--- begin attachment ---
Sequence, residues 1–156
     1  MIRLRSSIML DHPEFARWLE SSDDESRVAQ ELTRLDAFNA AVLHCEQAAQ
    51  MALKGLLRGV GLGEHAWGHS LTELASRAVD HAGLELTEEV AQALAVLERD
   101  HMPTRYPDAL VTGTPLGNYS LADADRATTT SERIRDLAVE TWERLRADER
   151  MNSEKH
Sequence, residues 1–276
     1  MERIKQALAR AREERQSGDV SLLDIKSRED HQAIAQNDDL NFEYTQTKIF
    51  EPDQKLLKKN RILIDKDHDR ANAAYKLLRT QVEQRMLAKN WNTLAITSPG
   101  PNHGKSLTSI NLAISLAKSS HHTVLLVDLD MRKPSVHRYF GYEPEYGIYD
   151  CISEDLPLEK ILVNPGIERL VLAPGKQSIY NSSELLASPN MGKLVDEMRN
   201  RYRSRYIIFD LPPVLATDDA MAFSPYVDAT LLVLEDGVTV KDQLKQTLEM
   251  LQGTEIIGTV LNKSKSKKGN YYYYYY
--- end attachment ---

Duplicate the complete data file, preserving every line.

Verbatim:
Sequence, residues 1–156
     1  MIRLRSSIML DHPEFARWLE SSDDESRVAQ ELTRLDAFNA AVLHCEQAAQ
    51  MALKGLLRGV GLGEHAWGHS LTELASRAVD HAGLELTEEV AQALAVLERD
   101  HMPTRYPDAL VTGTPLGNYS LADADRATTT SERIRDLAVE TWERLRADER
   151  MNSEKH
Sequence, residues 1–276
     1  MERIKQALAR AREERQSGDV SLLDIKSRED HQAIAQNDDL NFEYTQTKIF
    51  EPDQKLLKKN RILIDKDHDR ANAAYKLLRT QVEQRMLAKN WNTLAITSPG
   101  PNHGKSLTSI NLAISLAKSS HHTVLLVDLD MRKPSVHRYF GYEPEYGIYD
   151  CISEDLPLEK ILVNPGIERL VLAPGKQSIY NSSELLASPN MGKLVDEMRN
   201  RYRSRYIIFD LPPVLATDDA MAFSPYVDAT LLVLEDGVTV KDQLKQTLEM
   251  LQGTEIIGTV LNKSKSKKGN YYYYYY